As early as 1980, a leading Republican presidential candidate, John Connally, told the press:
Don’t they remember who won the war? It’s time we said to Japan, “If we can’t come into your markets with equal openness and fairness as you come into ours, you’d better prepare to sit on the dock of Yokohama in your little Datsun and little Toyotas while you stare at your little TV sets and eat your Mandarin oranges, because we’ve had all we’re going to take.”
Reagan’s Commerce Secretary Malcolm Baldrige said in 1985 that Japan’s policy “had as its objective not participation in, but dominance of, world markets.”
But Ronald Reagan did not join in the Japan-bashing—and won the 1980 and 1984 Presidential elections. Nonetheless, the 1986 midterm elections saw the Democrats take over the Senate through a campaign painting Reagan as soft on Japan. Rep. Tip O’Neill, the Democrat Speaker of the House of Representatives, said that if he were president, “I’d fix the Japs like they’ve never been fixed before.” Walter Mondale, the Democrat candidate for President in the 1984 election, said that if Japan kept outproducing the U.S., “our jobs will consist of sweeping up around Japanese computers and serving McDonald hamburgers.” (Mondale was appointed Ambassador to Japan in 1993, with the explicit assignment to break Japan’s supposed “trade war” against the United States.)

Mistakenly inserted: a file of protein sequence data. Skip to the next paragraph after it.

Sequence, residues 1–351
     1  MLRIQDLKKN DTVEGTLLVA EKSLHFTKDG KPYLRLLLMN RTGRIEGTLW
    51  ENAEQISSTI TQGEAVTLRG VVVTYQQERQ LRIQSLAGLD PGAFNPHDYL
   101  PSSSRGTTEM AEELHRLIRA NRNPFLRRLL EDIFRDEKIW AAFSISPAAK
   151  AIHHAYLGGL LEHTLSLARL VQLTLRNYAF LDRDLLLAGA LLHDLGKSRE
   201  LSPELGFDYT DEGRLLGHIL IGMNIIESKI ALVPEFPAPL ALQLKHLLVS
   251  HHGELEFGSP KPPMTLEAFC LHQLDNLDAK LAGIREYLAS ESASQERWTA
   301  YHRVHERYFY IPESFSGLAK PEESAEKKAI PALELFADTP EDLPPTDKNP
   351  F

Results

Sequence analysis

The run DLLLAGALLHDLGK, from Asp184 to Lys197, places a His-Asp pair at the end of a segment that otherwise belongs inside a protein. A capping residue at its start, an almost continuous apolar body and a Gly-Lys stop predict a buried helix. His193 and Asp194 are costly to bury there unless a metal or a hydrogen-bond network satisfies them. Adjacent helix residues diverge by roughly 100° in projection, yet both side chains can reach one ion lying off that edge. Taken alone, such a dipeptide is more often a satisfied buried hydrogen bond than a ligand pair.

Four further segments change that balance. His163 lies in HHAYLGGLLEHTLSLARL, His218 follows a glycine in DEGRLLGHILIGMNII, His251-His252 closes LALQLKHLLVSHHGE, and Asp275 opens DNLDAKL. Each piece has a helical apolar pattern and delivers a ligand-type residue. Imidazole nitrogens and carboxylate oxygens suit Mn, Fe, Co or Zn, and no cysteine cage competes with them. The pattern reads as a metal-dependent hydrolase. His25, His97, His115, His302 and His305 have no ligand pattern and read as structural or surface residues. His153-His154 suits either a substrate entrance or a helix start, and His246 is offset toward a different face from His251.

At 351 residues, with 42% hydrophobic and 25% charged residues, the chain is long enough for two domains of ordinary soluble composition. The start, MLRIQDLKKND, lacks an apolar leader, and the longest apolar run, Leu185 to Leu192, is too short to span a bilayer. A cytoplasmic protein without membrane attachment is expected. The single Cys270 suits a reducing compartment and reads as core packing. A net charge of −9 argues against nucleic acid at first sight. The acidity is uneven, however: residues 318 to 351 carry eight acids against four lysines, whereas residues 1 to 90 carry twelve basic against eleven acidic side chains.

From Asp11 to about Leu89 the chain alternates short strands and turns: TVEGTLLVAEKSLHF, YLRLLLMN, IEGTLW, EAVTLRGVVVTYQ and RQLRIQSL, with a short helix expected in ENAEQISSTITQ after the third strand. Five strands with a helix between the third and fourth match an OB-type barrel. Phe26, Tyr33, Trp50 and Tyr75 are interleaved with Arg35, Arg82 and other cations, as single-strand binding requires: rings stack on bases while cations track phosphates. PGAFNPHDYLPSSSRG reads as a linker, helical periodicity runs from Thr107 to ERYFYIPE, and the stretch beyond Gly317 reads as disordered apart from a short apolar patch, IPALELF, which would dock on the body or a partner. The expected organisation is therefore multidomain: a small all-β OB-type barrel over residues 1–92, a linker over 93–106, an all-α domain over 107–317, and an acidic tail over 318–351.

In July 1985, the highly popular presidential historian Theodore H. White published an article in the New York Times titled, “The Danger from Japan.” He wrote:
The Japanese, as Government policy, are undermining one American industry after another. [Allowing Japan into the General Agreement on Tariffs and Trade (GATT), the predecessor to the World Trade Organization (WTO)] was a terrible mistake…. We could not entertain the idea that some nations would race, like broken-field runners, through the new rules of tariffs and trade; that GATT would be riddled and pock-holed by subsidies, regulations, quotas and barriers that made a mockery of the idea of free trade.
No one today can miss the parallel with the raving of anti-China fanatics such as Peter Navarro, U.S. Director of Trade and Manufacturing Policy, who said, in an interview with Paul Solman on the PBS NewsHour program, August 25, 2016:
The defining moment in American economic history is when Bill Clinton lobbied to get China into the World Trade Organization. It was the worst political and economic mistake in American history in the last 100 years….
As soon as one bad actor like China massively cheats, they win at the expense of us; they win at the expense of Europe, and over time, it threatens the entire integrity of the global financial system and the global trading system....
White goes on to accuse the Japanese government of unfairly supporting its industries, breaking the sacred rules of “free trade.” Targeting the Ministry of Finance and the MITI (Ministry of International Trade and Industry), White wrote that MITI can “coordinate research into arcane technologies—for example, into the fifth generation of computers.” The parallel to the massive attack on Huawei today for developing the first (and the best) fifth generation of cellular networks (5G) is truly uncanny.